And fear not if your taste for mood altering substances run to something less potable:

    Louisiana won’t name its poison: Nixes official state cocktail

    State senators were concerned that naming The Sazerac (invented in New Orleans: whiskey, sugar, bitters and absinthe. Sugar AND bitters?) the state’s official drink would “send the wrong message” about the state.

    To which I can only ask, “Have they ever been to Louisiana?”

    Isn’t that the basis of most of its tourism?

    Story quotes a great exchange between the bill’s author, Sen. Ed Murray and Sen. Buddy Shaw:

    “Is there a possibility that we could be encouraging folks, who were not intending to drink, that it would be acceptable and they could become an alcoholic?” Shaw asked.

    “No,” Murray replied.

    Two points for Sen. Murray.

    Absolut apologizes for ads but I have no idea why

    So Absolut is apologizing to US consumers for an ad that most of them have never seen. The ad that in Mexico and shows a map of the Americas with the parts of the US that once were part of Mexico as STILL a part of Mexico.

    The campaign, which promotes ideal scenarios under the slogan “In an Absolut World,” showed a 1830s-era map when Mexico included California, Texas and other southwestern states.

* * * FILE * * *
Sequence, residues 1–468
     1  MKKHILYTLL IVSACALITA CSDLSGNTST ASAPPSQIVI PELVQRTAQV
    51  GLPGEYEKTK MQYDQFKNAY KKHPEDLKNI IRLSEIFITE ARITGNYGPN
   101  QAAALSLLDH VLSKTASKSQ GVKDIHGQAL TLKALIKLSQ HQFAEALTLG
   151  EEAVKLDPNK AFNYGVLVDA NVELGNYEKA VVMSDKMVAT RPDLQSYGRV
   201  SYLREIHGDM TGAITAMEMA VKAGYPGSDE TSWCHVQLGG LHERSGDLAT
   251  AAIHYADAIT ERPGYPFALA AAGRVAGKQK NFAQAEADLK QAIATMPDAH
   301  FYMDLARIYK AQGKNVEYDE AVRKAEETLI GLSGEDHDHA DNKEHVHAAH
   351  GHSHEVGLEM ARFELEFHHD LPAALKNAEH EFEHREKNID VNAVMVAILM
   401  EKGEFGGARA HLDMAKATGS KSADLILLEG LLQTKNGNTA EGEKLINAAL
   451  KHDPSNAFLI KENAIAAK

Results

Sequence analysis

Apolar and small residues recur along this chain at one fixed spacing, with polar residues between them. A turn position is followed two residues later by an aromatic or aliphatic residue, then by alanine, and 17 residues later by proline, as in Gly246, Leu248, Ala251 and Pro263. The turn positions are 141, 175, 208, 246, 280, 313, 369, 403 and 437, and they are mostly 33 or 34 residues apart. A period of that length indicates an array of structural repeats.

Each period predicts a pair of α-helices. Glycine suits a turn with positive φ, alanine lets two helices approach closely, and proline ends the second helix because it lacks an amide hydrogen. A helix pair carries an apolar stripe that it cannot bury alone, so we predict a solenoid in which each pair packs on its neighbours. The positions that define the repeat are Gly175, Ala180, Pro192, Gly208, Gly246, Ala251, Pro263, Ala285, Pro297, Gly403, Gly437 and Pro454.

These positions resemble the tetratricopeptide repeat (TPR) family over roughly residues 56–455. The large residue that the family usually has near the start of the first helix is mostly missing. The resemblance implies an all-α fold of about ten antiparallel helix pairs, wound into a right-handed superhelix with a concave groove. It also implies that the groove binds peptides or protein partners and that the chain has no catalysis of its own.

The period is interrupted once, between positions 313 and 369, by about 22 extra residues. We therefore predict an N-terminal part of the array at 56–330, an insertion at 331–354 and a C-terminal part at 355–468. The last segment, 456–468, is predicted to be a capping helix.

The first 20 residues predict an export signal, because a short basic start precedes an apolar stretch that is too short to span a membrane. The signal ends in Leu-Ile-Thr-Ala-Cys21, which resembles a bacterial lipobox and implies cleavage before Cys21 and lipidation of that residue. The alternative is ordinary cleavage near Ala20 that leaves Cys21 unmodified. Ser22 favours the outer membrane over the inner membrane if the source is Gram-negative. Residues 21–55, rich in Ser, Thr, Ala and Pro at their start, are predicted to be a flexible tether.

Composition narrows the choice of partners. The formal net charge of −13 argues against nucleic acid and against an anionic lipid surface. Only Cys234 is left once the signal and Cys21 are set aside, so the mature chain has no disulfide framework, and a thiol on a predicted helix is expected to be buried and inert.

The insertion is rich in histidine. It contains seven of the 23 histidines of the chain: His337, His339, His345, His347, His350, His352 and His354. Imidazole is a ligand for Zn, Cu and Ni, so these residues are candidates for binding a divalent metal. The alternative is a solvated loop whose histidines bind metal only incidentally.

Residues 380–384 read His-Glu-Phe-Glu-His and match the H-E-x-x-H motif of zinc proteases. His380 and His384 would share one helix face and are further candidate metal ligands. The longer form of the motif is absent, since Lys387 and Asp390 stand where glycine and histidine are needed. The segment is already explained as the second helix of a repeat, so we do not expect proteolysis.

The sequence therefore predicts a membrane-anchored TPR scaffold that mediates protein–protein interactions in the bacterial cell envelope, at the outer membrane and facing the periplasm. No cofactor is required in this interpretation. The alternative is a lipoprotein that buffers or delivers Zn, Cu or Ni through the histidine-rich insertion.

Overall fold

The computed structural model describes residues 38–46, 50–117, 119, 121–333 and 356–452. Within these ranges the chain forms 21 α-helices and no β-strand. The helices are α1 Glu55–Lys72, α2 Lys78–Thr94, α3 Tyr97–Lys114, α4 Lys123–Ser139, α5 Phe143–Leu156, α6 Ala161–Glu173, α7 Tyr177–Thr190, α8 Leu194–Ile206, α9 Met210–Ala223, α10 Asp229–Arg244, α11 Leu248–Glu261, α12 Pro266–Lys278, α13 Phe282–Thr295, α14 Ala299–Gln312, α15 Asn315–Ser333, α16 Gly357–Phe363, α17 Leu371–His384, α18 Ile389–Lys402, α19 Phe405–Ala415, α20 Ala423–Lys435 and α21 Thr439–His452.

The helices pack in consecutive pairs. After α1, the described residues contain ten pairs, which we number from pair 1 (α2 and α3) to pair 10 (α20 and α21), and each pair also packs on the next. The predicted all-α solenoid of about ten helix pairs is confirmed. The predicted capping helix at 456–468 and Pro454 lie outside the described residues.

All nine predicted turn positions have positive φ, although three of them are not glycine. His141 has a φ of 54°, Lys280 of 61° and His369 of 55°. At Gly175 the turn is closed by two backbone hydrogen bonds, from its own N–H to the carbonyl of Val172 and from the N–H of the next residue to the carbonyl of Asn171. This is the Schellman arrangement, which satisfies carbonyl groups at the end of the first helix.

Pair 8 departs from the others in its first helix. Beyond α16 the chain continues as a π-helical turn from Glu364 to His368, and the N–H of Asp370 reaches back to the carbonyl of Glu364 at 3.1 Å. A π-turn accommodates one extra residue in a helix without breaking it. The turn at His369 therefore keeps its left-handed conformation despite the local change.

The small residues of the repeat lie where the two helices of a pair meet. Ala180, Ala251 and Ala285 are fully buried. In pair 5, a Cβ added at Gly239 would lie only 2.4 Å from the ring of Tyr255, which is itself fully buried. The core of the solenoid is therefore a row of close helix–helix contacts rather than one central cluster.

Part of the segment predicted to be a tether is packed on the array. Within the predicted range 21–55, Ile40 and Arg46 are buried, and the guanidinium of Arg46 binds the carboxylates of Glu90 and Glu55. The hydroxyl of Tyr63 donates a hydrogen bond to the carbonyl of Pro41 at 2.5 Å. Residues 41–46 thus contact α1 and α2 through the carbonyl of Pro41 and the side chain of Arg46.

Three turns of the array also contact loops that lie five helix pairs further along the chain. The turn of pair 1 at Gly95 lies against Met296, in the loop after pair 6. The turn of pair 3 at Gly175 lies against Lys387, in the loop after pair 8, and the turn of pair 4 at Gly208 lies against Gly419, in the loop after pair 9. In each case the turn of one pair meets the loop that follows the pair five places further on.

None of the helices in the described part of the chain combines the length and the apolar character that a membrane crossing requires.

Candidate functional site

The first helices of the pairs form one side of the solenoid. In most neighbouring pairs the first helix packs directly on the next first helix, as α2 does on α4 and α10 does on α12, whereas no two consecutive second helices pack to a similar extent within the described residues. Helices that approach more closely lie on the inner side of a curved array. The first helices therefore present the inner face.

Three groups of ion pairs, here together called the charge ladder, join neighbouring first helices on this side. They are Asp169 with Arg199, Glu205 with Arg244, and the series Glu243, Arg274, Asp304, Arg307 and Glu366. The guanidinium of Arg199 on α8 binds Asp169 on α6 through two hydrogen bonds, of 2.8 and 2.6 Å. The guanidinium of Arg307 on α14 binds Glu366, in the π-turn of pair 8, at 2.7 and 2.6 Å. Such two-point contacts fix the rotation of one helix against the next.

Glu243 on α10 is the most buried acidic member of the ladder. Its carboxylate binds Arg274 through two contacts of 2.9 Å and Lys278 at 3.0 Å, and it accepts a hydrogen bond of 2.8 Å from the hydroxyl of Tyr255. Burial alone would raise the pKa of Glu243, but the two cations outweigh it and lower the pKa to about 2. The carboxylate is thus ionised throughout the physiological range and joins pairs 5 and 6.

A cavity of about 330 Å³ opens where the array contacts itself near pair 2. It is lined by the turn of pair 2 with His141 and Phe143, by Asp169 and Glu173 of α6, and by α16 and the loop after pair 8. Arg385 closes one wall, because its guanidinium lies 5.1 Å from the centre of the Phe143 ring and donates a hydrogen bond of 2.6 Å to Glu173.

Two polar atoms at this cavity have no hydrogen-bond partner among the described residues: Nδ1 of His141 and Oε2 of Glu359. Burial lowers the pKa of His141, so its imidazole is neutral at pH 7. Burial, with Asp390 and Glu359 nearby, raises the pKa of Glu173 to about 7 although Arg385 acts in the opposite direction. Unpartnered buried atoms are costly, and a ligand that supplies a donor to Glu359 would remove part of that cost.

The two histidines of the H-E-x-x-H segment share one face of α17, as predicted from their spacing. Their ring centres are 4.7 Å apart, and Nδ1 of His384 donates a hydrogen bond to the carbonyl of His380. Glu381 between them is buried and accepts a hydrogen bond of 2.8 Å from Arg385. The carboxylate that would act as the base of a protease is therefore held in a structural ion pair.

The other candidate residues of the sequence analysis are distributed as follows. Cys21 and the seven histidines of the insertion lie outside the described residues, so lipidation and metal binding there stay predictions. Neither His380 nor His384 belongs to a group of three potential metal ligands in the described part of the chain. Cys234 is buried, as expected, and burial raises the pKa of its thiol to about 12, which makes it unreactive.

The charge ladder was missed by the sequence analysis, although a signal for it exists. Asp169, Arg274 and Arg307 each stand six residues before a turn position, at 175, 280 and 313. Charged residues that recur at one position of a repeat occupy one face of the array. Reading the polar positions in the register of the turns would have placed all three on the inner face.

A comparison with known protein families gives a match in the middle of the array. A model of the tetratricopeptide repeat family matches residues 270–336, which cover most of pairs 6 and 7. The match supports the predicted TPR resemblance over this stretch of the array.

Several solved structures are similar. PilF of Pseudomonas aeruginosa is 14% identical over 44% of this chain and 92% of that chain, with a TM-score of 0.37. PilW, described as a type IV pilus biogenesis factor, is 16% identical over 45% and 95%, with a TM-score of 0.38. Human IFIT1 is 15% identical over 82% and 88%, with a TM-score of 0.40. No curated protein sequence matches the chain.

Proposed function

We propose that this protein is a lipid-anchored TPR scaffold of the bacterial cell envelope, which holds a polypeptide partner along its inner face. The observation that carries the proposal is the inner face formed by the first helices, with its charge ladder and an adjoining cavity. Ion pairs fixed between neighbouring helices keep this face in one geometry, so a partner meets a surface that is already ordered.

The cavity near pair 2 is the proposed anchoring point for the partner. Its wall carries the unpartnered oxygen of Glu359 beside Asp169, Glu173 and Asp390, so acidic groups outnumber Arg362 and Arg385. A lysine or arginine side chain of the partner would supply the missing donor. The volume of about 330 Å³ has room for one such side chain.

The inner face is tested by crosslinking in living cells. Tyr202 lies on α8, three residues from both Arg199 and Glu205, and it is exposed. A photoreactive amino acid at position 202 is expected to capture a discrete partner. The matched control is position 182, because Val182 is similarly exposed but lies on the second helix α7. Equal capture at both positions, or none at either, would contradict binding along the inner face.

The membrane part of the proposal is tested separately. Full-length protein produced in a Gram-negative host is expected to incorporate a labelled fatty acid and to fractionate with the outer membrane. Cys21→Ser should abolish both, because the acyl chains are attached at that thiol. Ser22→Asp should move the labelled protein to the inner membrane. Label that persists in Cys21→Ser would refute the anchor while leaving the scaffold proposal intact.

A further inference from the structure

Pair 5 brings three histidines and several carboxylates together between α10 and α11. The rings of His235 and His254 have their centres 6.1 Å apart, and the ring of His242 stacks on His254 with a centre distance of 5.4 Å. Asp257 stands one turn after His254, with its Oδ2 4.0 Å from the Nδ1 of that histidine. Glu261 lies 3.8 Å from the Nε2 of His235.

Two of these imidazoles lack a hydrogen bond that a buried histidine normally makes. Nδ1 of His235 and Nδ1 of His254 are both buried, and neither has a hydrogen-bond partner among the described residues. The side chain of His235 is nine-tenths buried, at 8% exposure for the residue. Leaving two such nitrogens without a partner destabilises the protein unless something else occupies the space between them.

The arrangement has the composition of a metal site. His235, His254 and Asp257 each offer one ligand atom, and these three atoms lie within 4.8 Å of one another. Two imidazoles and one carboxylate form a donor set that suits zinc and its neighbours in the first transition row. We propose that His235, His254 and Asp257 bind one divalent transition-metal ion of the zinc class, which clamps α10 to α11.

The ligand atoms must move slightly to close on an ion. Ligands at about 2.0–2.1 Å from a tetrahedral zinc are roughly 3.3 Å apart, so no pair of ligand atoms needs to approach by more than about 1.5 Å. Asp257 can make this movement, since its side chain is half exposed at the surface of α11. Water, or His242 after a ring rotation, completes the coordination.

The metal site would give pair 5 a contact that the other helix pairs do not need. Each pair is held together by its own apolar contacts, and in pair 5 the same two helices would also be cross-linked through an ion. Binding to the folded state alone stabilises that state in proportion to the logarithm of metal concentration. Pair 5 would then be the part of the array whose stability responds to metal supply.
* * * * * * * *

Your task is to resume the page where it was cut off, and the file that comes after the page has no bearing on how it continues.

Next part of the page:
Apparently, some people at conservative columnist Michelle Malkin’s web site posted angry comments about this and called for a boycott. (Michelle Malkin fans angry? Who’da thunk it?*) As a result Absolut apologized for the ads after they stopped running.

    This is dumb for a number of reasons.

    1. Absolut has been absolutely fearless (by corporate standards) in its willingness to be identified supporting gay men and lesbians. If that’s part of your brand you don’t dump it just because of some whiny Wingnuts.
    2. This is one where you don’t have to apologize, just say look they’re not running anymore. You say it’s over and then ignore it. Apologizing just puts fuel on this fire.
    3. Name me a boycott that has worked in the last 20 years. Name me one that has even actually generated any sustained PR problem.